In the event that Fed Chair, Yellen, does not slip up on March 16, there will be plenty of additional central-banker sound bite opportunities throughout 2016. From April through December of 2016 each of the world’s three leading central banks have six scheduled policy meetings. What will most likely occur is that the S&P 500 and the indices for the other global markets will hit new multi-year lows during some or all of the months the meetings are scheduled.

Schedule of Remaining Policy Meetings of Central Banks for 2016

European Central Bank (ECB)

Bank of Japan (BOJ)

U.S. Federal Reserve (FOMC)

March 10, 2016

March 15, 2016

March 16, 2016

April 21, 2016

April 28, 2016

April 27, 2016

June 2, 2016

June 16, 2016

June 16, 2016

July 21, 2016

July 29, 2016

July 27, 2016

September 8, 2016

September 21, 2016

September 21, 2016

October 20, 2016

November 1, 2016

November 2, 2016

December 8, 2016

December 20, 2016

December 14, 2016

It is unlikely that the ECB and the BOJ will make the policy changes that would be needed to eliminate negative interest rates. The ECB in its March meeting announced that it had increased its NIRP from -0.03 to -0.04 the negative meeting The markets for the sovereign debt securities of Japan and Germany have already priced yields into negative territory. While its questionable that the U.S. Federal Reserve would institute a NIRP, the U.S. Central Bank is severely conflicted and compromised. After raising the discount rate in December of 2015 interest rates of the U.S. Treasury markets promptly declined. With the global economy having deteriorated and Japan having instituted a NIRP, the rational for the Fed to raise rates is fast evaporating. Even if the U.S. economy should weaken, the Federal Reserve would have to give serious consideration before lowering the discount rate. The markets would likely interpret a rate cut vs. a rate hike as a signal that the Fed would be moving in the direction of instituting a NIRP. The Fed’s being “conflicted” is yet another reason the markets are highly susceptible to a significant haircut by the end of 2016.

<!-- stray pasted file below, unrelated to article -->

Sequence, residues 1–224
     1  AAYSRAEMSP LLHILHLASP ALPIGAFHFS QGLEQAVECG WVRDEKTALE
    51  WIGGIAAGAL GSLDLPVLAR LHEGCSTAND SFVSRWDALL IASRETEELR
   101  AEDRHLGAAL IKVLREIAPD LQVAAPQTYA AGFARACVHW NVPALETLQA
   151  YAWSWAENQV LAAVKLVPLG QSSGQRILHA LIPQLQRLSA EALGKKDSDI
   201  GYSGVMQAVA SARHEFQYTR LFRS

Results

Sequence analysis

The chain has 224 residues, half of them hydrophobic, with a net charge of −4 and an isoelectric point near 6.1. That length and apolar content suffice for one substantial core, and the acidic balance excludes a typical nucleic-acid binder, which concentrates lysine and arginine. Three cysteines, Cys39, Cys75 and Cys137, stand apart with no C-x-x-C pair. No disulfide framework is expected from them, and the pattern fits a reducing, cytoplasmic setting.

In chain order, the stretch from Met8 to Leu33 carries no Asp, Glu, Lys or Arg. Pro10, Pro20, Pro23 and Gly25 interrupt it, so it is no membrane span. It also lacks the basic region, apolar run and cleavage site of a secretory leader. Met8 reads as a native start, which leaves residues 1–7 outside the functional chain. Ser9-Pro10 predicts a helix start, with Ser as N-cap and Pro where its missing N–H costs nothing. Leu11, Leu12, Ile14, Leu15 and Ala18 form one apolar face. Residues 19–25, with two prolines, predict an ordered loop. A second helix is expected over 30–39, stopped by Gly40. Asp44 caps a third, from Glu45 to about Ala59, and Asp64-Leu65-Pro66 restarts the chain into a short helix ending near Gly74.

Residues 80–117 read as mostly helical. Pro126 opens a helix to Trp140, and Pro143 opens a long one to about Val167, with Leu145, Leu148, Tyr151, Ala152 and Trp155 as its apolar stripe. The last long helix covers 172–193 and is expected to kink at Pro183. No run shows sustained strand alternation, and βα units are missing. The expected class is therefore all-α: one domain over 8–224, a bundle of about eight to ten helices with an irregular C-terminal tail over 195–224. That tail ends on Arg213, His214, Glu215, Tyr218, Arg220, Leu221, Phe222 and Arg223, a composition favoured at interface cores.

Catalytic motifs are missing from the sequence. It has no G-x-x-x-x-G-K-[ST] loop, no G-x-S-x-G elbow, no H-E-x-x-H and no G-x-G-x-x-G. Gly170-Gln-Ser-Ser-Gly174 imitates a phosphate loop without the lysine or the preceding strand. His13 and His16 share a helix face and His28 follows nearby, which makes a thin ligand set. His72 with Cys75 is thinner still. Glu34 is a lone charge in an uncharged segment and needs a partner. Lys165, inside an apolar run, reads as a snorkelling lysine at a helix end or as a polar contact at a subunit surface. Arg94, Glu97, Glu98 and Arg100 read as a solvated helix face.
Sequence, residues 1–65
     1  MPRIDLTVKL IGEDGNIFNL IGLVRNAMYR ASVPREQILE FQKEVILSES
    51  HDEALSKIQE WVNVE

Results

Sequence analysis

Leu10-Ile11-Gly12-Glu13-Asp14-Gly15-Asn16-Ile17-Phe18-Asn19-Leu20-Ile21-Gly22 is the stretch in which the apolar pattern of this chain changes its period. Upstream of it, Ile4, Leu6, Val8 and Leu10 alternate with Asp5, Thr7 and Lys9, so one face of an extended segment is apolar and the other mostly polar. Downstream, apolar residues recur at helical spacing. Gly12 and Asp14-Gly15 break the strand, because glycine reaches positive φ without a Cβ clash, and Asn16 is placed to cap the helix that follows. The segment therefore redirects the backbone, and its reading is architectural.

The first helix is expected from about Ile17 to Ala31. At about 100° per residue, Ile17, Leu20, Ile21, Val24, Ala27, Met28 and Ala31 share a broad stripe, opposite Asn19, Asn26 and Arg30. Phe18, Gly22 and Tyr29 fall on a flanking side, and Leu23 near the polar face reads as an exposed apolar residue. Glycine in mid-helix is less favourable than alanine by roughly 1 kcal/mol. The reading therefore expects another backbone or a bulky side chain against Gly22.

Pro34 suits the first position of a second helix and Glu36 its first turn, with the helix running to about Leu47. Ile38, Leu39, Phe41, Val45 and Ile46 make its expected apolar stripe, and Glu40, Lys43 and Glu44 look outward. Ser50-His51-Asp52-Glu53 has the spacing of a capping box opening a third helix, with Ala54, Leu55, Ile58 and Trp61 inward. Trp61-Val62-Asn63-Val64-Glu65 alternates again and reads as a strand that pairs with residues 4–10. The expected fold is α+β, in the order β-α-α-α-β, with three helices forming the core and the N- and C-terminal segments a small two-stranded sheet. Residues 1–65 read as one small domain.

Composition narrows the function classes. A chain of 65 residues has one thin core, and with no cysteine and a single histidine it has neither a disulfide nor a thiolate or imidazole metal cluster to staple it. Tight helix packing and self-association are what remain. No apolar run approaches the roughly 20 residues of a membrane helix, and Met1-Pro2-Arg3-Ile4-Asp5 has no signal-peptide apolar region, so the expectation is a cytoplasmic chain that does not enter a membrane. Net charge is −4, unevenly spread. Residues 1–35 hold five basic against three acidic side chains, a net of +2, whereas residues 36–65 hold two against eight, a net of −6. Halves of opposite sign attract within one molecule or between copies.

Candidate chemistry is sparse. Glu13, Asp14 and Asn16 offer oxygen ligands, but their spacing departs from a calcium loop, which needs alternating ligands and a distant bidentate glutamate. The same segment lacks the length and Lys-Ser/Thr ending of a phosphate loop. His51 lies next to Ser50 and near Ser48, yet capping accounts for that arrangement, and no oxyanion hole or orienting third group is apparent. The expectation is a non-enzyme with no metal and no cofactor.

The writing herein is in further support of my February 26, 2016 foundational report “Japan’s NIRP Increases Global Market-Crash Probability”, which is about NIRPs and deflation, and the potential devastating impact that both can have on corporate profits and on the markets. The report concluded that instituting of a NIRP (Negative Interest Rate Policy) by the Bank of Japan (BOJ) had significantly increased market volatility to a point that has increased the probability of a market crash. (My recommended investment strategy, which protects an investor’s capital against significant market corrections and crashes, is contained in an excerpt from my foundational report as follows: “Pre-Crash ‘Black Swan’ Investing Strategy”.)